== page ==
“First, the cost itself seems quite high compared to other property buyouts for the week,” Mr. Gates wrote in an email to Ivanka Trump 38 days before the inauguration. “Second, I am a bit worried about the optics of P.I.C. paying Trump Hotel a high rent fee and the media making a big story out of it,” he added, referring to the presidential inaugural committee.
Ms. Trump wrote to Mickael C. Damelincourt, the hotel’s general manager, and asked him to call Mr. Gates to negotiate a better deal for the inaugural committee. “It should be a fair market rate,” Ms. Trump said in a follow-up email, which soon led to a new offer of $175,000 per day.
Still Ms. Wolkoff raised concerns.
“In my opinion, the max rental fee should be $85,000 per day,” she responded to Mr. Gates and Ms. Trump in an email where she also noted that other properties, such as Union Station, had offered their spaces for the inauguration at no charge.
This series of emails — filed in court documents as part of the lawsuit — is at the heart of the case that Mr. Racine, a Democrat, is pursuing.
On two of the days that the inaugural committee paid the hotel $175,000 to rent the ballroom, it had no events that used it, the lawsuit said. And on a third day when it actually used the ballroom for a luncheon — again paying $175,000 — another nonprofit group had paid just $5,000 to rent the same presidential ballroom space for an inauguration-related event that morning.
The committee also paid the hotel for costs associated with a “friends and family” event for Eric Trump and Donald Trump Jr. that their father was not expected to attend. The inauguration staff was so uncomfortable sponsoring the gathering that they tried to cancel it, court documents showed. But Mr. Damelincourt objected.
“Rick … just heard that the Friday night reception had been canceled. Is it accurate?” Mr. Damelincourt wrote. “Tough on us if it is as it was a lot of revenue.” The event was then rescheduled and took place the night Mr. Trump was sworn in.
Ivanka Trump was questioned for five hours last week about the matter, in one of a series of depositions that has also included Mr. Damelincourt and Thomas J. Barrack Jr., a major donor to Mr. Trump who was the chairman of the inaugural committee. Ms. Wolkoff will be questioned under oath this week and Mr. Gates this month.
After her deposition, Ivanka Trump condemned the inquiry, as did her brother Eric Trump, who oversees operations at the hotel.
“This is a game stemming from a political vendetta,” Eric Trump said in an interview, echoing his sister, who said on Twitter that the case was “another politically motivated demonstration of vindictiveness & waste of taxpayer dollars.”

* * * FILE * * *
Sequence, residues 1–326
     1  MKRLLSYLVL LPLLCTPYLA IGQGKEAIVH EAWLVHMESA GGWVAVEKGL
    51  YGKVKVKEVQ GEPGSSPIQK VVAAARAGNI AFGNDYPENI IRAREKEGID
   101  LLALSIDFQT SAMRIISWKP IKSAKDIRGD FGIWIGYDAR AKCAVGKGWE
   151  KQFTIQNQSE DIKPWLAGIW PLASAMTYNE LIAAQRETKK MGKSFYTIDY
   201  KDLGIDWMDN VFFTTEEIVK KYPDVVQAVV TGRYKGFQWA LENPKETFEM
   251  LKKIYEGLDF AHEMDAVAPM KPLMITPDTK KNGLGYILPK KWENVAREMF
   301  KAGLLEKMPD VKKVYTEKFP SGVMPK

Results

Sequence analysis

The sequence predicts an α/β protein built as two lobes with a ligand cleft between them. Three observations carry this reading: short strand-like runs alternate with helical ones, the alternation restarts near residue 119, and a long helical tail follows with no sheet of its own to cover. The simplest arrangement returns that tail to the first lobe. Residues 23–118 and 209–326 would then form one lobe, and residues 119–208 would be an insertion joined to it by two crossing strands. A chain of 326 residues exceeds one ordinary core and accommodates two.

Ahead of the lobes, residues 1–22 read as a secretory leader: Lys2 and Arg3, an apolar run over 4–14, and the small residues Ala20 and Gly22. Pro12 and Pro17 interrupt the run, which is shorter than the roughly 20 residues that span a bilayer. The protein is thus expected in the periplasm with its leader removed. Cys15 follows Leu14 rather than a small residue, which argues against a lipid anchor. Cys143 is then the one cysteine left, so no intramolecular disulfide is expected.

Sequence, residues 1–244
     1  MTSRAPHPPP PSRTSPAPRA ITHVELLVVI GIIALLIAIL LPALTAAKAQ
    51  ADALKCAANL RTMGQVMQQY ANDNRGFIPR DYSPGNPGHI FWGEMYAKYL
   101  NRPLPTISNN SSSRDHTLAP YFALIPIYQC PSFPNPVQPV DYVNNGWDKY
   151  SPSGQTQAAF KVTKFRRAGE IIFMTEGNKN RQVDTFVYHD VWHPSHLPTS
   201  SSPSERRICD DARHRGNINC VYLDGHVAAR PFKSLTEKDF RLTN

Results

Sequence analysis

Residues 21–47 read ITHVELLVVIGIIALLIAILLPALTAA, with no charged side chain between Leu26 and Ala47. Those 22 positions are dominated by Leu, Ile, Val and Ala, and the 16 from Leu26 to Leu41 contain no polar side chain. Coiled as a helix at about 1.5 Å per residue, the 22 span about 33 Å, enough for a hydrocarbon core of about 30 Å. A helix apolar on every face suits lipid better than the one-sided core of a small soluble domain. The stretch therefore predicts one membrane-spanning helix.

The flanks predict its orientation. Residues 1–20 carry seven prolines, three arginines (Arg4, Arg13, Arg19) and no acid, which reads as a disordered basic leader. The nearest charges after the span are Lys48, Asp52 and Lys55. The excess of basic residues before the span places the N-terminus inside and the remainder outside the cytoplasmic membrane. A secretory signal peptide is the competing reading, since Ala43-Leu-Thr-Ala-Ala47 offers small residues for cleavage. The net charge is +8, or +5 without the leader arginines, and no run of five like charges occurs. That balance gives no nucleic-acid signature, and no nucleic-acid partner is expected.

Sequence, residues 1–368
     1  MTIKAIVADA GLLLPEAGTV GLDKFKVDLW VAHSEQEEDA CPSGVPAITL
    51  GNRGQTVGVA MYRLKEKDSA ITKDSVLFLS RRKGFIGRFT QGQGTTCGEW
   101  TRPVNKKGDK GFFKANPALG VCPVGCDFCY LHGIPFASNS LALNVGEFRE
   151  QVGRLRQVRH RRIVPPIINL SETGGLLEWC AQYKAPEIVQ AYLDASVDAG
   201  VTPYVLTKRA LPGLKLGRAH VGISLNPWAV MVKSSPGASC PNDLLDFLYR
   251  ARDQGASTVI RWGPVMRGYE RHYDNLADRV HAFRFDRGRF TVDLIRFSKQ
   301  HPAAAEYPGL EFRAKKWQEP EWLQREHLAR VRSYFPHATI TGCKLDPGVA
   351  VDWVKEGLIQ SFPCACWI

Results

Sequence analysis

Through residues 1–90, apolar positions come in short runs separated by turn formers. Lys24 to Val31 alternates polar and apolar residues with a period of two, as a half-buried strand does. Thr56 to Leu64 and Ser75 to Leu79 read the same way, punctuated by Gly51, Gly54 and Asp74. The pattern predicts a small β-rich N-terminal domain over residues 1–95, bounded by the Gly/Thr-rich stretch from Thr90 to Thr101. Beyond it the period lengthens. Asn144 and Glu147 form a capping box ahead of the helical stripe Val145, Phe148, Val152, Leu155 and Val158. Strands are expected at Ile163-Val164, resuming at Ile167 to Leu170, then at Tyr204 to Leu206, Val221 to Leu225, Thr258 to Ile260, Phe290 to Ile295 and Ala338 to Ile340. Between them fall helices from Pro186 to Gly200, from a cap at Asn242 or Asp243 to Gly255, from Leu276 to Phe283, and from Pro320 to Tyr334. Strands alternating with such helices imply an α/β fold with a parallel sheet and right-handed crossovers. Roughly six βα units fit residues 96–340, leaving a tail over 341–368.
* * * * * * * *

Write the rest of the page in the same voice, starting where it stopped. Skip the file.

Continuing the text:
So far, Judge José M. López at the Superior Court of the District of Columbia has sided with the attorney general, rejecting a motion by the Trump Organization and the inaugural committee to dismiss the case. Judge López has authorized the parties to move ahead with depositions and other so-called discovery until March to prepare for a possible trial.
The civil suit being pursued by Mr. Racine is distinct from two separate cases raising the constitutional issues about the intersection of Mr. Trump’s public role and his businesses. The two cases focused on the Constitution’s emoluments clause will be on shakier ground once he leaves office, lawyers involved in the cases said.
A federal district court judge ruled in one of the emoluments suits in March 2018 that Maryland and the District of Columbia had the right to pursue their cases challenging whether Mr. Trump’s businesses could take payments from other governments. And for the first time, the court defined what an emolument is, accepting the broader definition advocated by Maryland and the District that it represented just about any payment from a foreign government to the president’s businesses instead of a payment made to the president explicitly in exchange for an official action he would then take, as he had argued.
But one of the remedies their lawsuit sought was an order that the president stop accepting these payments. Once he leaves office, that outcome will effectively have been achieved, perhaps undermining the case.
“We are having high-level discussions around the viability, survivability of the matter,” Mr. Racine said about the emoluments case.
Equally unresolved is the future of the Trump hotel in Washington.
The hotel bar is open again after closing in the spring when the virus first peaked. But traffic is still very slow, in part because the hotel is limiting entry to only those with reservations because of virus restrictions.
Zach Everson, who runs an online newsletter that tracks activities at the hotel, said its fate might be determined in part by how much of a power broker Mr. Trump remains.
“Any business that is sustained in some part by people wanting to get in his favor, once you take the official power he had to grant that favor, I am not sure how they can sustain it,” Mr. Everson said. “But with Donald Trump, he has been able to pull a rabbit out of the hat before.”
On Friday, White House-related business was still coming in.
Jason Miller, a Trump campaign aide, showed up at lunchtime without his name on the list. He told a security guard at the hotel entrance that he was there for a meeting with the lawyers Eric Hershmann and Justin Clark, two other aides to Mr. Trump.
For a moment, Mr. Miller was prevented from entering.
“I work for the president,” he told the security guard, before finally being let in.